When President Trump announced last week that he intended to hold a raucous political rally in the city of Tulsa on June 19, it was met with outcry for a variety of reasons. For starters, June 19, known as “Juneteenth,” is considered a holiday to many as the commemoration of the end of slavery in the United States. To fix the date issue, the rally was changed to Saturday, June 20.
However, the real issue that most media analysts and pundits, along with and some health officials, are now concerned with is a massive gathering, at an indoor arena, when Coronavirus is still spreading and large gatherings are still disallowed in many states.
Some media stories are calling the rally “idiocy,” such as this article by Kent Sepkowitz, a medical analyst, at CNN:
I will focus on the remarkable idiocy of staging a large indoor public gathering in Tulsa just now.
Tulsa may not be the single worst place in the US to have a mask-free and liability-free rally, though the just identified Whirlpool plant outbreak there may place it in the running.
Indeed, cases are going up sharply in Tulsa County (from 7-day rolling average of 13.6 cases to 53.37 cases for most recent two weeks) signaling substantial community transmission. The disease appears disproportionately concentrated among Hispanics who constitute 13% of the population but 27% of the Covid-19 cases.
Furthermore, Tulsa is near the border of several states; Trump’s rally is likely to draw from these areas as well. Over in Arkansas, four counties at the Oklahoma border — Benton, Washington (home of Fayetteville), Crawford, and Sebastian (home of Fort Smith) — have experienced sharply increasing case rates in the last two weeks.
Following suit, an opinion writer in the New York Times also made the case that the rally itself “endangers” Trump’s supporters, and the President is unwise to hold such an event and play with life or death issues such as Covid-19:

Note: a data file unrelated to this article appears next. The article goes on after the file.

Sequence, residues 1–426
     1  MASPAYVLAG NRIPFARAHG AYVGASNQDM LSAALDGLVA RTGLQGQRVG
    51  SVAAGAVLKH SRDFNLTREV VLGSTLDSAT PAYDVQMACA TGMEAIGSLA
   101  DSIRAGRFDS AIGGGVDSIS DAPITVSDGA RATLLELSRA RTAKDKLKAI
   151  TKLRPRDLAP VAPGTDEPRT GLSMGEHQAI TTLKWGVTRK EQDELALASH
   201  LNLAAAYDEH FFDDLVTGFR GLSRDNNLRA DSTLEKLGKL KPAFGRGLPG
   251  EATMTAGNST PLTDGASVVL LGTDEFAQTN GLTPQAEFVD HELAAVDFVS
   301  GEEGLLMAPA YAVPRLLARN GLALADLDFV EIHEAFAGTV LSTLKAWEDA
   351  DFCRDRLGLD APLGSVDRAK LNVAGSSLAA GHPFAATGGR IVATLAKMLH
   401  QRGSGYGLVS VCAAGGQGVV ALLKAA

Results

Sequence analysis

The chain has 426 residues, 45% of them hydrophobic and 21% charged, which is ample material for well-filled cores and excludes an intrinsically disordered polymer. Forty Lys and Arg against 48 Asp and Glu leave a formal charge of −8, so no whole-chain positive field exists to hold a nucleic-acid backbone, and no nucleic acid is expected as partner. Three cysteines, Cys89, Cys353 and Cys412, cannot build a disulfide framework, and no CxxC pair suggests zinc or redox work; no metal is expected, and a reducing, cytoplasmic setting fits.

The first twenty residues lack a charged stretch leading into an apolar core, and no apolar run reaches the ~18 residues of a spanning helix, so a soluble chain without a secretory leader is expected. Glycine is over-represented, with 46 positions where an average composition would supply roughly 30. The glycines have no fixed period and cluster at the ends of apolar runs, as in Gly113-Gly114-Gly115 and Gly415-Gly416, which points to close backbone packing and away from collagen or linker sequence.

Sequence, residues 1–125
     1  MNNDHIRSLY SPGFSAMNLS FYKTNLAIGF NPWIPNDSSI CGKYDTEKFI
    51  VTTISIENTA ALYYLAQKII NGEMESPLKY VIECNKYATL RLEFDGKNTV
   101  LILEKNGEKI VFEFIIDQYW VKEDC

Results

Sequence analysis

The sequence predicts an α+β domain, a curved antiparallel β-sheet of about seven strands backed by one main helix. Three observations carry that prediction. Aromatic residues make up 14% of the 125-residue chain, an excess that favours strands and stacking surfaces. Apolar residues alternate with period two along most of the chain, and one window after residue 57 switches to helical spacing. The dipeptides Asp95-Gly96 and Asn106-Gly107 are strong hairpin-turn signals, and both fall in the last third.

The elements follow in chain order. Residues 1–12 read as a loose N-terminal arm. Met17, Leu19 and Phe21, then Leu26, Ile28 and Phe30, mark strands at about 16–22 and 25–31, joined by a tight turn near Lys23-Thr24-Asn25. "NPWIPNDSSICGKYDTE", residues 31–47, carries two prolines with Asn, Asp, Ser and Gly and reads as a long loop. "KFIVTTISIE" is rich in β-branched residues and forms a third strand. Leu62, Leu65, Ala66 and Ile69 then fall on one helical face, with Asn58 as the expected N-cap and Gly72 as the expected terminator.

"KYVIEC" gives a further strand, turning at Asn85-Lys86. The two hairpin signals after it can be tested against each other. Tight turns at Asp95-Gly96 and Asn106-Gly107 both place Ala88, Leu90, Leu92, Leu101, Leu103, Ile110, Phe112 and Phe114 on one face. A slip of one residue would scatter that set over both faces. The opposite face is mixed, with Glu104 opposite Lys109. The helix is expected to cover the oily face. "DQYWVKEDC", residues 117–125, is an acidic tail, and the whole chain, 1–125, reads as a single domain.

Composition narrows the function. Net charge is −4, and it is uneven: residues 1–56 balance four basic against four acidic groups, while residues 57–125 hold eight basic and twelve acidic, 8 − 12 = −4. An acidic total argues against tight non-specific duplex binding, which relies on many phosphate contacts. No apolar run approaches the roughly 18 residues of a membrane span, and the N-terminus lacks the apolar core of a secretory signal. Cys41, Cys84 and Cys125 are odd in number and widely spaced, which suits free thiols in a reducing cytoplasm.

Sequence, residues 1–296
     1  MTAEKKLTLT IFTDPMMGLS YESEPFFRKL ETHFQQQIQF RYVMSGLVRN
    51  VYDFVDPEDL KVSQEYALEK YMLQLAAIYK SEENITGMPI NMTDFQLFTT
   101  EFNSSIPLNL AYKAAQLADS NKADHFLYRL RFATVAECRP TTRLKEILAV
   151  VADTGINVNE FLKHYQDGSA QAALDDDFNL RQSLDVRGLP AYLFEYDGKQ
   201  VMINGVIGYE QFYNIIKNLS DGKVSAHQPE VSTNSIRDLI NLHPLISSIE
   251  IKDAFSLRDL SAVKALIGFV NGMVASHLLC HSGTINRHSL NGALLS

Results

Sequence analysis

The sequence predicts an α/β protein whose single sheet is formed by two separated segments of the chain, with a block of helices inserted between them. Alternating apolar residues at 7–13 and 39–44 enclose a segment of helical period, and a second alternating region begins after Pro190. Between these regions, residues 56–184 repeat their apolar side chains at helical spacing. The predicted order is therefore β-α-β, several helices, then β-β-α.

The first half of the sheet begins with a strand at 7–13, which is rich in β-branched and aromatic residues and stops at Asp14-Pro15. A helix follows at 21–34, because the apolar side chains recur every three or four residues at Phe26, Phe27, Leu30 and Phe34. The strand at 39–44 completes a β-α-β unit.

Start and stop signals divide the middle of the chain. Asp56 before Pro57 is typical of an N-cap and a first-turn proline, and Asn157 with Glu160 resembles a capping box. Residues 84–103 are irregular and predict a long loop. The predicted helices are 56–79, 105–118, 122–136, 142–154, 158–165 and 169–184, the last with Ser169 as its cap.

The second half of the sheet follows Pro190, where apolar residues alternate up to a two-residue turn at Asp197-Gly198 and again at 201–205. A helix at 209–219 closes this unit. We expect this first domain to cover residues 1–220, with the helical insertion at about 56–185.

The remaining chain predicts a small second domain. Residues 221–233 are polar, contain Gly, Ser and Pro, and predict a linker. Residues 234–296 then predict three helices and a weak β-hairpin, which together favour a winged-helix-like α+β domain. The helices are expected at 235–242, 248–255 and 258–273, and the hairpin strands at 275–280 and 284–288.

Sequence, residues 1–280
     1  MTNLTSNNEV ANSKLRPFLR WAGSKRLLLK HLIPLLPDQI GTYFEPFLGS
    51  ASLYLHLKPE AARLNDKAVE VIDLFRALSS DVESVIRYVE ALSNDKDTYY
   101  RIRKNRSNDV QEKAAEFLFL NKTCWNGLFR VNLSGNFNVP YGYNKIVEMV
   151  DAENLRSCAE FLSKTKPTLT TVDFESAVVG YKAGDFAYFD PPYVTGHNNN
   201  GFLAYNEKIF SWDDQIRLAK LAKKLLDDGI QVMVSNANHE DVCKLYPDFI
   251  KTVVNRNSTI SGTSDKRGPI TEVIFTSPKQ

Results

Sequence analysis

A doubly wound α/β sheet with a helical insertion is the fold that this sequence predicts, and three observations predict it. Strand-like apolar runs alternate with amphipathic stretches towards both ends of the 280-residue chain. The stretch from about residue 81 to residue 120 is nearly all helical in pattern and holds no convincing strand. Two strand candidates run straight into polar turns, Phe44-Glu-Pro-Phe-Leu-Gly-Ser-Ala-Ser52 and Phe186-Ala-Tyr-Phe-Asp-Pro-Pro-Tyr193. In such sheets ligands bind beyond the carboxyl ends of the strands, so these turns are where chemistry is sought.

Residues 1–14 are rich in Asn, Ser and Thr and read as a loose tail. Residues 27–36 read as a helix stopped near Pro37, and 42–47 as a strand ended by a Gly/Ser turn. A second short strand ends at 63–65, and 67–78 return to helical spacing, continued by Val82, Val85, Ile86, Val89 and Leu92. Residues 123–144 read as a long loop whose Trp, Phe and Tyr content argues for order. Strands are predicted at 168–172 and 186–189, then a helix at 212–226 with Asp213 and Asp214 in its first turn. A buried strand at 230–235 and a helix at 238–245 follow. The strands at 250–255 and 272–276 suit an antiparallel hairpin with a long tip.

For Trump’s triumphal return, his campaign has decided that no social distancing is required. He wants this to be a spectacle, packed with as much noisy adoration as possible.
But whatever risks those attending might incur, Team Trump is taking steps to ensure that it bears none. All rally attendees must sign a liability waiver holding the campaign legally blameless in the event that people subsequently fall sick. Or drop dead.
Over the weekend, Tulsa’s top health official, noting that coronavirus cases are spiking in the state, implored the campaign to postpone the party. But what is the health of his followers to Mr. Trump compared with a mass show of affection — especially after he has endured so many sad weeks without such affirmation?
As anyone following Donald Trump for any extended length of time will tell you, if the media is cheerleading against the President doing something that his base supports, you can bet your last dollar he’s going to do it, and do it bigger than originally planned.
In fact, despite the well-known and publicized risk, the Trump campaign says more than 1 million have requested tickets to the Tulsa event which is slated to be held in an arena that holds 19,000 people. The request is so large, in fact, that the Oklahoma Governor, Keven Stitt, is now seeking a larger venue:
Gov. Kevin Stitt said Monday after talking with Trump and Vice President Mike Pence that nearly one million people have requested tickets to the event. Some Trump supporters have already started waiting in line outside the 19,000-seat BOK Center in downtown Tulsa.